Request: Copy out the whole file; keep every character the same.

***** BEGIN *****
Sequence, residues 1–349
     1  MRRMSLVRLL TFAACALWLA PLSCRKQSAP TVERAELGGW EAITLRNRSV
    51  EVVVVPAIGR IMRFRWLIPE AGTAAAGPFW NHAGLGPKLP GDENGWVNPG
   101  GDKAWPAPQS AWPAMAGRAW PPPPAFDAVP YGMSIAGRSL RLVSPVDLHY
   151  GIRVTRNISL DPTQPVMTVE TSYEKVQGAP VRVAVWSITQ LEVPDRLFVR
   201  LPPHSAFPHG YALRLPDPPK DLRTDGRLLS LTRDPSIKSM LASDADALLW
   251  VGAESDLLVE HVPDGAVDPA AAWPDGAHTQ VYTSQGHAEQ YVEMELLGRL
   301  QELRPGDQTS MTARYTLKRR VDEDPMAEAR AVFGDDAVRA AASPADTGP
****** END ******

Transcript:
Sequence, residues 1–349
     1  MRRMSLVRLL TFAACALWLA PLSCRKQSAP TVERAELGGW EAITLRNRSV
    51  EVVVVPAIGR IMRFRWLIPE AGTAAAGPFW NHAGLGPKLP GDENGWVNPG
   101  GDKAWPAPQS AWPAMAGRAW PPPPAFDAVP YGMSIAGRSL RLVSPVDLHY
   151  GIRVTRNISL DPTQPVMTVE TSYEKVQGAP VRVAVWSITQ LEVPDRLFVR
   201  LPPHSAFPHG YALRLPDPPK DLRTDGRLLS LTRDPSIKSM LASDADALLW
   251  VGAESDLLVE HVPDGAVDPA AAWPDGAHTQ VYTSQGHAEQ YVEMELLGRL
   301  QELRPGDQTS MTARYTLKRR VDEDPMAEAR AVFGDDAVRA AASPADTGP